As many readers of my blog know, I’ve had a mixed experience with library jobs. For most of the eleven years in the industry, I worked casually and had stints of being unemployed. The most devastating was in 2017 when after working 18 months at an organisation they gave the permanent job to someone else. My contract ran out at Christmas.
In this Covid world we now live in, it’s going to be harder to get jobs in libraries, not easier. So many people already lost positions and employers can afford to be fussier than ever. Also libraries are super easy to cut budget and positions.
So, if you find yourself unemployed, yet to get your first library gig or wanting to do something else…. here’s some tips from my experience.
It’s not personal but it also is
For the organisation you worked for, it’s a business decision. But for you it’s going to feel like you have been stabbed in the heart by a blunt spoon. Having said that – you need to know that you did nothing wrong, you didn’t deserve to lose your job (not get the job) and you aren’t a bad person. Take some time to grieve and process, do nice things for yourself.
You’re going to feel super anxious
There are multiple ways in which suddenly finding yourself unemployed sucks – the worries about money; the loss of relationships, a career and purpose. Frankly it’s terrifying especially when you have no idea what to do next or where you next job will come from. First and most importantly please seek medical help if you need it. To be able to get through this, you need to be able to think clearly in the midst of one of the shittiest times of your life, if your anxiety is preventing you from doing this then you should see a doctor. You will also need the support from family and friends – never underestimate the power of a text message saying “how are you doing today?”, these can be a lifeline. Utilise these people, for career chats, perspectives and time outside your own head.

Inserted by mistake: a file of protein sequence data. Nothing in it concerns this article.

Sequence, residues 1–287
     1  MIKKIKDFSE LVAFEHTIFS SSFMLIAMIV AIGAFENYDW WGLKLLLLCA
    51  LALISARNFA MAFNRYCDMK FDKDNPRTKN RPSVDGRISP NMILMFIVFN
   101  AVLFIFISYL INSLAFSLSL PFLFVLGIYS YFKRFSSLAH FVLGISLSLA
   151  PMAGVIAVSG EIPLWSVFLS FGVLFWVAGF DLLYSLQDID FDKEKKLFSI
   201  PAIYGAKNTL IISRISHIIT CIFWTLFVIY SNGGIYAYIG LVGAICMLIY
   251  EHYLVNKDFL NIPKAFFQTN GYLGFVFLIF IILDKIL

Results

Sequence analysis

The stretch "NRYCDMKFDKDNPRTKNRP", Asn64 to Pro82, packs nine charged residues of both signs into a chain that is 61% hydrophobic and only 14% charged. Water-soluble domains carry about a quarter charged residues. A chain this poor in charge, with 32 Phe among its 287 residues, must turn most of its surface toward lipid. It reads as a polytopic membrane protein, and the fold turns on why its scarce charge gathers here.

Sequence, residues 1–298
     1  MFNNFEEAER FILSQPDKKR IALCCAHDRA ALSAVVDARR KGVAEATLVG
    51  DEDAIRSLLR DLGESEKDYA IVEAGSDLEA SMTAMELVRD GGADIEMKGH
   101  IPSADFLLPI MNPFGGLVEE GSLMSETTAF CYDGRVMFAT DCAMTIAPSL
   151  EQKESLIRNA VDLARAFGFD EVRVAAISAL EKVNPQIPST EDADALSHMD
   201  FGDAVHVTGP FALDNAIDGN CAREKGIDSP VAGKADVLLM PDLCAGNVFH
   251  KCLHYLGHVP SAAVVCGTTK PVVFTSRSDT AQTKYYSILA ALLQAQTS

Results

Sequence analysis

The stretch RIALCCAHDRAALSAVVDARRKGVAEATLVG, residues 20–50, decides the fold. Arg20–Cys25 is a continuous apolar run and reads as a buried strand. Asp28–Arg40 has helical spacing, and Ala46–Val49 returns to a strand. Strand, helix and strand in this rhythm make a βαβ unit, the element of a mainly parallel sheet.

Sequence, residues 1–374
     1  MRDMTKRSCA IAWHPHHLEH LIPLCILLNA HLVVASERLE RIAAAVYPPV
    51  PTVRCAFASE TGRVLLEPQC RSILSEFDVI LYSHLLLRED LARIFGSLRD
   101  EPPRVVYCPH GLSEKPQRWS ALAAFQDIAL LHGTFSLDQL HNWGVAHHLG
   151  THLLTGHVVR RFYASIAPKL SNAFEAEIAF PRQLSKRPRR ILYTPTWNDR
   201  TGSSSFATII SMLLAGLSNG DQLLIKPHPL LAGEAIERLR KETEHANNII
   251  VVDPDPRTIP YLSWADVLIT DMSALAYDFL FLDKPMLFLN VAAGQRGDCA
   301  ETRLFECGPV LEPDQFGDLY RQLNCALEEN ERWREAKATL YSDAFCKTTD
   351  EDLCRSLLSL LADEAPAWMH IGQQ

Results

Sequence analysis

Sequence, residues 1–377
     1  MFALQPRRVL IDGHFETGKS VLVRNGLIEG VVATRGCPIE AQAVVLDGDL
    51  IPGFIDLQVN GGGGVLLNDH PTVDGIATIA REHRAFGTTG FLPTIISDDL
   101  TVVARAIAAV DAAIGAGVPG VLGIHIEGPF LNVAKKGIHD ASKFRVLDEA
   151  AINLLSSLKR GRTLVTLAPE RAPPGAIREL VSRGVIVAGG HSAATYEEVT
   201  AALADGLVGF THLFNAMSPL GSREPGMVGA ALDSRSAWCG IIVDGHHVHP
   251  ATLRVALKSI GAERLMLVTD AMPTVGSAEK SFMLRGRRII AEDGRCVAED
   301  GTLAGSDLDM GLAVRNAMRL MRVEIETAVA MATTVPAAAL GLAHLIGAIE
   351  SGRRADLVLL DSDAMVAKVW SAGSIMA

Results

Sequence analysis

It’s a good opportunity to try something new
I’m not going to pretend for a moment being unemployed is anything other than crap but it’s also an opportunity to try something else. You really have nothing to lose at this point, jobs are not forever, nor do they define you, so be bold and consider taking your librarian skills out into a different sector or into the wild.
De-library-ify your skills
This is one of the hardest bits to do but it’s time to think of yourself not as a librarian or GLAM worker but as a person with skills, experience and knowledge. You need to take the library out of your CV and selection criteria responses. Yes, even if you are looking for a library role.
There’s a couple of important reasons for this: firstly, you might or want to look at work in a different sector like information management, or outside GLAM all together. You are not going to be appealing to potential employers if you’re using lots of library jargon that they won’t understand to describe your skills.